What is a Prep school? What is IAPS

Prep school Definition

Prep schools are independent schools that usually cater for children aged between seven and 13, although many of these incorporate a pre-prep (4-7) and some may only go up to Year 6 (age 11). Some also have a nursery as part of their offering and will give children a priority place in Reception if they are enrolled in the nursery first.

How many school days does an independent Prep School have to be open during a year academically for teaching?

There aren’t any legal requirements for school hours in Prep schools as long as they meet the requirements from the Independent School Standards for teaching and the curriculum. The Department for Education also has guidelines that prep schools are required to follow. They suggest the following as minimum weekly teaching times: 21 hours for children aged five to seven, 23.5 hours for ages eight to 11 and 24 hours to those aged 12 to 16.

These refer to hours used for teaching, and they don’t include registration, break times, or group worship.

IAPS Definition

IAPS is the Independent Association of Prep Schools, of which 670 of the world’s leading prep schools are members.

Only schools that hold themselves to a very high standard of teaching are eligible to become members of IAPS, and there is strict criteria regarding their curriculum, pastoral care and staff professional development.

How do I find a suitable school for my children with special needs?

Several IAPS schools have the capacity to enroll a limited number several different IAPS schools admit just some children that have special educational needs, illnesses and disabilities. The National Association for Gifted Children can also assist with identifying appropriate schooling for children that are particularly gifted.

Typically, how many children are there in an IAPS school?

The average number of children that are present in an IAPS School is about 260. More than half of the schools have between 150 to 300 pupils.

Could I send my young one to a school that is for Only Boys or Only Girls?

Most IAPS schools are Co-educational with just 20% single-sex schools. However, there are over 70 boys-only IAPS schools with more than 30 taking girls only

Is there help available for paying fees?

Many parents now receive financial help in paying school fees. Several schools have scholarships and bursaries. Some schools with nurseries also participate in the Government Nursery Funding Scheme, allowing them to offer free hours of care. Ensure you enquire with a prospective school about bursaries and grants to check if they are available and what the requirements are for receiving them.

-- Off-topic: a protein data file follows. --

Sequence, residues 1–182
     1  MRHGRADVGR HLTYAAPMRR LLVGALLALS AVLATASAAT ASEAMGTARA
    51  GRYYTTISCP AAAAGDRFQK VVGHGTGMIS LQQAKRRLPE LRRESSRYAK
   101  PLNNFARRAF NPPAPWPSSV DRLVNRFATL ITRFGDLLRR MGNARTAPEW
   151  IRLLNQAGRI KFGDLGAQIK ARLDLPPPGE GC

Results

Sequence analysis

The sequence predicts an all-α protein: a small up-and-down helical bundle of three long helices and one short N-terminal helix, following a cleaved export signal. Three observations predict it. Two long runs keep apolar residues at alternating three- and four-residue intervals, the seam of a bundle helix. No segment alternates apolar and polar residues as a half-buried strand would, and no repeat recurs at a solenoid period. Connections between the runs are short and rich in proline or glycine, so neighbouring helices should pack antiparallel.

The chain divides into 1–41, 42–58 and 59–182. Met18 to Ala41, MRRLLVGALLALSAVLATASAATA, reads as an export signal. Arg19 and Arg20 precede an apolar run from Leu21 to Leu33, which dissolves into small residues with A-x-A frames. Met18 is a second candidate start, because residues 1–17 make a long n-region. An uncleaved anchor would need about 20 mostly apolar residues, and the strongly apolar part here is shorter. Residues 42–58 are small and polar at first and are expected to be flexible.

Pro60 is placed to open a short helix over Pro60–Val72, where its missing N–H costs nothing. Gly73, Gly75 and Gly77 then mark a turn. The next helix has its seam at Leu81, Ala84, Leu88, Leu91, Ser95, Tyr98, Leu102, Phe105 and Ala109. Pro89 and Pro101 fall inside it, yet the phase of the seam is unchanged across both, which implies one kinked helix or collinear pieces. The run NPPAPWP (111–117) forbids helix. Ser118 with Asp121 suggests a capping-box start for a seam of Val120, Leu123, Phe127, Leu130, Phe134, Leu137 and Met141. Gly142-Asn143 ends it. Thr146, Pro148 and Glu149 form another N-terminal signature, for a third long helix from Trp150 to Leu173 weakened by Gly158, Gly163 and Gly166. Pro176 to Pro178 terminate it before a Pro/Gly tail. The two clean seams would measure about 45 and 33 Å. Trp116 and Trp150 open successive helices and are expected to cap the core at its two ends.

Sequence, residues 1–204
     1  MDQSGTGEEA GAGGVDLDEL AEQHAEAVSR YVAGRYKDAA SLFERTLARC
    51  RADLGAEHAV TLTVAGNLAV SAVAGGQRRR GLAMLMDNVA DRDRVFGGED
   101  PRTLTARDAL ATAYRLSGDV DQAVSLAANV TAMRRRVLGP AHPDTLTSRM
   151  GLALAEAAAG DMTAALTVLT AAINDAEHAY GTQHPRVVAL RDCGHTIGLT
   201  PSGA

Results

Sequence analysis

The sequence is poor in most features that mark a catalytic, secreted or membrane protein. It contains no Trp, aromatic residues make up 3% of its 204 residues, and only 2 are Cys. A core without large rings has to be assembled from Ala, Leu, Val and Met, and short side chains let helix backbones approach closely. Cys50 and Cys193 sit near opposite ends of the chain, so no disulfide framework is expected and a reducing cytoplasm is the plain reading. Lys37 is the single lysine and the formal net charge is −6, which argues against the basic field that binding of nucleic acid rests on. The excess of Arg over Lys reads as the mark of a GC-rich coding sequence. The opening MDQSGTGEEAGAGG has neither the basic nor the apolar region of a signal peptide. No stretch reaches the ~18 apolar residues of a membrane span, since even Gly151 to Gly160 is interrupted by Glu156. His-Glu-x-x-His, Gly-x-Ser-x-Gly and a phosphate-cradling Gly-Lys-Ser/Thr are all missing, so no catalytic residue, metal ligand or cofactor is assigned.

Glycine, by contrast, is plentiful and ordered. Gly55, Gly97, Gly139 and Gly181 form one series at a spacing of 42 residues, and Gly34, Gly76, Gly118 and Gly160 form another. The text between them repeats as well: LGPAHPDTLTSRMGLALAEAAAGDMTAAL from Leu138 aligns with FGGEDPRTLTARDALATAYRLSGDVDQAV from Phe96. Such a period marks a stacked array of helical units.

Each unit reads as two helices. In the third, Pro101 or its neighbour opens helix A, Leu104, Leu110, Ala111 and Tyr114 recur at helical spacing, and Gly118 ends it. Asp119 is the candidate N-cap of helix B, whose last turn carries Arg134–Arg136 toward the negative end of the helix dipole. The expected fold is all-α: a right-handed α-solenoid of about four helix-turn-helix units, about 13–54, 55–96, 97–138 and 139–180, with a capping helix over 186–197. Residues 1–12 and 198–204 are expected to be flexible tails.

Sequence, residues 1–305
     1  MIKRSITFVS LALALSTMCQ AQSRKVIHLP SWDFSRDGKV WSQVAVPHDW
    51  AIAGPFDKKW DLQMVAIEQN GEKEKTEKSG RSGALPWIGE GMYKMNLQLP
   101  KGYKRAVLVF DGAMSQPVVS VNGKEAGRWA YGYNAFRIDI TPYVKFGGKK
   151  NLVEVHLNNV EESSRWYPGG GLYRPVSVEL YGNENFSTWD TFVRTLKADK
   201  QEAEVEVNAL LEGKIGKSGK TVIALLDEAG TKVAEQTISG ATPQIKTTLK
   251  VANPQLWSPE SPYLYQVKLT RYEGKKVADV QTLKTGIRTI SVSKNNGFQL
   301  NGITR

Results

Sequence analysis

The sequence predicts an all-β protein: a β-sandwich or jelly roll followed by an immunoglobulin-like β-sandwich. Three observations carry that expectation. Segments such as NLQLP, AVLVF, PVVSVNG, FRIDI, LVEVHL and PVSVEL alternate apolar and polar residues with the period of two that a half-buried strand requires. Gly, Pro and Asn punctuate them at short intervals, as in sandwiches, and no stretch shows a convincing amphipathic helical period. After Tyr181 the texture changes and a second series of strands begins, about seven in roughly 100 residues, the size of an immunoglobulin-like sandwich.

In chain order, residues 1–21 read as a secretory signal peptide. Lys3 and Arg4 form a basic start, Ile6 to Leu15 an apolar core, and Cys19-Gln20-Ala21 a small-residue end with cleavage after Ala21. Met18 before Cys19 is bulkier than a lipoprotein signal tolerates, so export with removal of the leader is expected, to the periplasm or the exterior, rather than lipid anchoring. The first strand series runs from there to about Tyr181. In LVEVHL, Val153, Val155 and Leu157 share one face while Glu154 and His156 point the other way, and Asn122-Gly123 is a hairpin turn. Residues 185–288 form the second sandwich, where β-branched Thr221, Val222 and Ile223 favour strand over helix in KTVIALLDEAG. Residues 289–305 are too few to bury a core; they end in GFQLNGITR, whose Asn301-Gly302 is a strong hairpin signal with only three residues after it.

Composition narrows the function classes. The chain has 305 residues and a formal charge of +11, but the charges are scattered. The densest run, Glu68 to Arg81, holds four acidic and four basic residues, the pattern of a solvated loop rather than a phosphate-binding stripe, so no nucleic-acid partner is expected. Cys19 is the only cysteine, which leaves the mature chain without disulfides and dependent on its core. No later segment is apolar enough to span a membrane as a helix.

How can one locate the best Prep School?

You first need to decide on if your children needs nursery or pre-prep school; if they would board or be a day student; full-time or part-time? Also consider if co-educational or single-sex education is best for them. The majority of these IAPS schools are not through schools so they will prepare pupils for entrance exams at a range of senior schools. Those that are attached to senior school will provide the opportunity for your child to continue their education with the same establishment, although places are not guaranteed.

Create a list of what your child needs and expectations both they and you have of a school. Prepare questions for when you make contact with the school and ensure you arrange to visit, take a tour and speak to staff.

Welcome to Falcons School for Girls

Reception Places

We still have a few places remaining for Reception in September 2021. Wraparound care is available from 7:30am to 6:00pm 50 weeks a year. To make an enquiry, please contact us using the details below.


Admissions to Falcons School for Girls

For admissions information or to arrange a private tour, please click here or contact admissions@falconsgirls.co.uk and we will get back to you shortly.


Rated ‘Excellent’ by ISI in March 2020

“Pupils display exceptional attitudes towards learning”

“Pupils are highly proficient communicators for their age”

Click here to read the full ISI report